Asserting that atheist logic actually proves the existence of God is one of the forgotten, unusual and radical theories revealed in a new book about how philosophers have grappled with humanity’s greatest question.
Proofs of God in Early Modern Europe, written by Dr Lloyd Strickland, Professor of Philosophy and Intellectual History at Manchester Metropolitan University, brings to life some of the most influential and colourful arguments for God’s existence from the golden theological and philosophical age of the 17-18th century.
The new book explains the ideas of well-known thinkers such as Descartes, Locke and Leibniz to show how philosophers attempted to establish the existence of a superior being in the ‘age of reason’.
The efforts of 17th and 18th century philosophers to prove the existence of God are so fascinating and ingenious that they deserved to be the focus of a book of their own.
Yet it also showcases remarkable theories from largely unknown thinkers from the period – including an iconoclastic French philosopher who argued that the principles of atheism actually proved the existence of God.
Andre-Pierre Le Guay de Prémontval claimed that if atheists believe that all existing beings are uncreated and exist necessarily, then all possible beings must also exist necessarily – including an omnipotent God.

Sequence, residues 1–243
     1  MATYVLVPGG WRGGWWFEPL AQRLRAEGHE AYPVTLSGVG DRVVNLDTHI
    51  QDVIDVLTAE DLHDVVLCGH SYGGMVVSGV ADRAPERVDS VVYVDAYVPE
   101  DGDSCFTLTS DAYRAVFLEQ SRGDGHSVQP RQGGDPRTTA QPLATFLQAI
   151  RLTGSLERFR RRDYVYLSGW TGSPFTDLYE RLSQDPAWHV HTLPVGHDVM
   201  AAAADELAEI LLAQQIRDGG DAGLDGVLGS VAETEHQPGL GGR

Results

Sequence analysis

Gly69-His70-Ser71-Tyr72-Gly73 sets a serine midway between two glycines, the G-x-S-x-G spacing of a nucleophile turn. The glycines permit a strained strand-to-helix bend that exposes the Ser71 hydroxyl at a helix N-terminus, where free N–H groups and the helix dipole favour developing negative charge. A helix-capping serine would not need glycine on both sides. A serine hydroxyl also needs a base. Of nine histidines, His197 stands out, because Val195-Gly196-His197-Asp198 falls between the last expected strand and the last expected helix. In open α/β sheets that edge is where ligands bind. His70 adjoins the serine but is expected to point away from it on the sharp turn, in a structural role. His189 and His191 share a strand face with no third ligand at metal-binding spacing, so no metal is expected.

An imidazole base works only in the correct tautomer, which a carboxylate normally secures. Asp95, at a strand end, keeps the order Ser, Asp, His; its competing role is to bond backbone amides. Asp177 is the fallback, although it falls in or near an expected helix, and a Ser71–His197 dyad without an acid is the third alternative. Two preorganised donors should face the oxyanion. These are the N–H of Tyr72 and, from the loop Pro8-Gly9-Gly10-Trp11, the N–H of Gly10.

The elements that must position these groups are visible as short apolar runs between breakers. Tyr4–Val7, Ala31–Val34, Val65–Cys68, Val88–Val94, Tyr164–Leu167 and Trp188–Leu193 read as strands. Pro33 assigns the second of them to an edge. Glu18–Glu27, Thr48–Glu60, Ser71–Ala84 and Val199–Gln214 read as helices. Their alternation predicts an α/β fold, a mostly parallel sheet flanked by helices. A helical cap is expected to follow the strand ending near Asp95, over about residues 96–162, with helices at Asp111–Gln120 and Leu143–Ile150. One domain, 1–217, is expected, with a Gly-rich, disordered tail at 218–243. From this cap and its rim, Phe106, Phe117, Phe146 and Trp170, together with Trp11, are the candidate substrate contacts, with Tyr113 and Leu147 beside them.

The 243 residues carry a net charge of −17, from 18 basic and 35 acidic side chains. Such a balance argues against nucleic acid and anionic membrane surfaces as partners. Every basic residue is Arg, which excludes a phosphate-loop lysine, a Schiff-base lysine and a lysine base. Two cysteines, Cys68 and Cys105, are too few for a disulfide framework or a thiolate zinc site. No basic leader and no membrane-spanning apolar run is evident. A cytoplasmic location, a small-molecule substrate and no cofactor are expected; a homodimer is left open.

Dr Lloyd Strickland, who is himself an agnostic, said: “The efforts of 17th and 18th century philosophers to prove the existence of God are so fascinating and ingenious that they deserved to be the focus of a book of their own.
“When modern day atheists like Richard Dawkins attack proofs of God’s existence they tend to focus on one or two kinds and dismiss them very quickly, which can give the impression that the existence of God rests on a handful of unsophisticated proofs. But this book shows not just the sheer range of proofs that were developed but also the sophisticated argumentation to be found in many of them.”
Some of the other ideas unveiled in the book include that of Anglican bishop George Berkeley who argued that light and colour constitute a “visual language” from which we could infer the existence of a divine mind that created it.
Another is the theory of Bossuet, a Catholic bishop, and Anglican rector John Norris who argued that eternal truths such as 2+2=4 are neither created by the human mind nor grounded in the existence of any concrete objects, as they would remain true irrespective of whether any humans or objects existed. But, as these truths cannot exist by themselves, then they must be grounded in something as eternal as themselves, such as God.
Dr Strickland explains the mass proliferation of proofs in the 17-18th century was in part a response to the fear of atheism yet in fact ended up fuelling the very atheism it was designed to prevent, as those who developed these proofs often sought to reject the proofs of others, and in so doing laid the foundation for atheism, which continued to grow over the next two centuries.